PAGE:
Tag Archives: LA Bus Riders Union

Buses on film

While we’re on the subject of transit and class, here’s a quick report on that Bus Riders Union documentary I went to see a few weeks ago:

The film basically focuses on the BRU‘s struggle to make the LA MTA more responsive to the needs of the poor and disabled, people who don’t have a choice about whether to ride. I am supportive of the organization’s goals (if not all of their tactics), but I found it unfortunate that they seemed to dwell on a (in my view, artificial) distinction between bus and rail. Apparently, the vast majority of the MTA’s resources are spent on rail, which tends to be used by middle-class commuters, and according to the 10-year-old documentary, not very many, at that. A small fraction of its resources are spent on buses, which tend to be used by poor people, and a much larger proportion of MTA’s customer base. In the film, the BRU reps argued for a drastic reduction in the amount of money being spent on rail.

This distinction seems to me to be less a function of the mode of transportation and more a function of its implementation. Rail transit can and does serve the poor in many major cities, and it could certainly do so in LA. It is true that rail costs more than buses initially, so, if we’re talking about getting bang for limited bucks, it might make sense to invest in a BRT system like the one in Bogota. But if you’ve ever been to New York or Chicago (or, for that matter, Paris), you know that everybody–and I do mean everybody–rides the train.

Saulty on the subway
New York City subway riders: Beware of this man.

Upcoming events for transit types

Thursday, January 24th

Metro is hosting a class to help employers lower employee commuting costs.

The law allows employees to set aside up to $115 per month in pre-tax income for purchase of a transit pass or ticket book. Because pre-tax benefits lower an employee’s taxable income, the employee saves federal withholding and FICA payroll taxes on the amount deducted. The employer also saves paying FICA on the amount deducted. Employers can also choose to contribute to the cost of their employees’ public transportation fare and still allow employees to use pre-tax dollars for the employee share.

Metro staff offers free training classes for employers – the next one is Jan. 24 in Seattle – tool kits to start the program at individual worksites, and assistance in carrying out the program.

If you don’t work for a company cool enough to buy your bus pass, you should encourage your boss (or HR rep) to go.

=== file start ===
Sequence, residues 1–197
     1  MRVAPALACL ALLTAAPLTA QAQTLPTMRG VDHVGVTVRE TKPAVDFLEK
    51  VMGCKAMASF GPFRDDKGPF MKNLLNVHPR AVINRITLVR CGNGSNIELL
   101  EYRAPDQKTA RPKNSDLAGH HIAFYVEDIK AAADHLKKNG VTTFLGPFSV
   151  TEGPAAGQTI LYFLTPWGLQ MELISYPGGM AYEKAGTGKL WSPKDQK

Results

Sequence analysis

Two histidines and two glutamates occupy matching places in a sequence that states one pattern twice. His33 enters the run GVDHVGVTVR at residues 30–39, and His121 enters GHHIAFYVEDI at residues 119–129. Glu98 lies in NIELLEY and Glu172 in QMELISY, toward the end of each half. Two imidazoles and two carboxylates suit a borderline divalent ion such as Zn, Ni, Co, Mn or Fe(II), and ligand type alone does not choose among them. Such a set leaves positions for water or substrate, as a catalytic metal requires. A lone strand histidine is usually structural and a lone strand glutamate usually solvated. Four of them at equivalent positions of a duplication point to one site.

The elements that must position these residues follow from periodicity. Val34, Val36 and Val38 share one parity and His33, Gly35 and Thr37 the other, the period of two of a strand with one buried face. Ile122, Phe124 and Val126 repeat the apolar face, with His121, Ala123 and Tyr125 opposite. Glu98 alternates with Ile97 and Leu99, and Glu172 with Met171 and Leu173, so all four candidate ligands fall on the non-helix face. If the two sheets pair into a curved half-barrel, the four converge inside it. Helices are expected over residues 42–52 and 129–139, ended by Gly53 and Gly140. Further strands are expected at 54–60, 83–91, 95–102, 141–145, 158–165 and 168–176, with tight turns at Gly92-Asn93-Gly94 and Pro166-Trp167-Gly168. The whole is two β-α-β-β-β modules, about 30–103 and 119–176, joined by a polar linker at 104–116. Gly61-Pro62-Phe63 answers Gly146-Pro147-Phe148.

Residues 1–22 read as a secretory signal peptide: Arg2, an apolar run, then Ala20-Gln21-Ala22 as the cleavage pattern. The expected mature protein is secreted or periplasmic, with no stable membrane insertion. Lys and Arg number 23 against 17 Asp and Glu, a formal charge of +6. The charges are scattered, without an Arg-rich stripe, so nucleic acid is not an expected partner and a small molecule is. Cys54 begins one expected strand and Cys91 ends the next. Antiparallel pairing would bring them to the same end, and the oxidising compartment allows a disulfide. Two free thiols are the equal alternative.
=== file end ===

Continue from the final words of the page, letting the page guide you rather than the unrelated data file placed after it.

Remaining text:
Time: 10:30 AM – 12:00 PM
Location: Mezza Cafe Conference Room, Third Floor, Starbucks Center, 2401 Utah Ave. S.

Register here.

Tuesday, January 29th

The Transportation Choices Coalition is hosting Transportation Advocacy Day.

We’re heading down to Olympia on Tuesday, January 29, 2008 to advocate for action on climate change, better transportation choices, and healthier transportation. Last year more than 150 citizens like you advocated for better transportation alternatives. At Advocacy Day you’ll have the chance to learn more about transportation issues, meet with legislators, attend hearings, and be a professional lobbyist for a day!

Last year this event was extremely successful. If you can make the time, it’s worth it to attend–if only to be part of the bike/Flexcar caravan.


Times: 9:00 AM – 5:30 PM
Meet at: The United Churches of Olympia, 110 11th Avenue SE, Olympia

Register here.

Friday, February 1st

As part of their First Friday Earth Forum series, the Rainier Valley Unitarian Universalists will show the documentary Bus Riders Union .

This film by Academy Award winner Haskell Wexler traces three years in the life of Los Angeles’ Bus Riders Union as it forges a powerful multiracial movement to fight transit racism, clean up LA’s lethal auto pollution, and win billion-dollar victories for real mass transit for the masses.

Does the Seattle area need its own union to fight for more transit to better serve both the needy and the environment? Come and be part of this conversation.

I’ve been wanting to see this film, so I’ll be there.


Time: 7:00 PM – 9:00 PM
Location: Rainier Unitarian Universalist Center, 835 Yesler Way (Yesler and Broadway)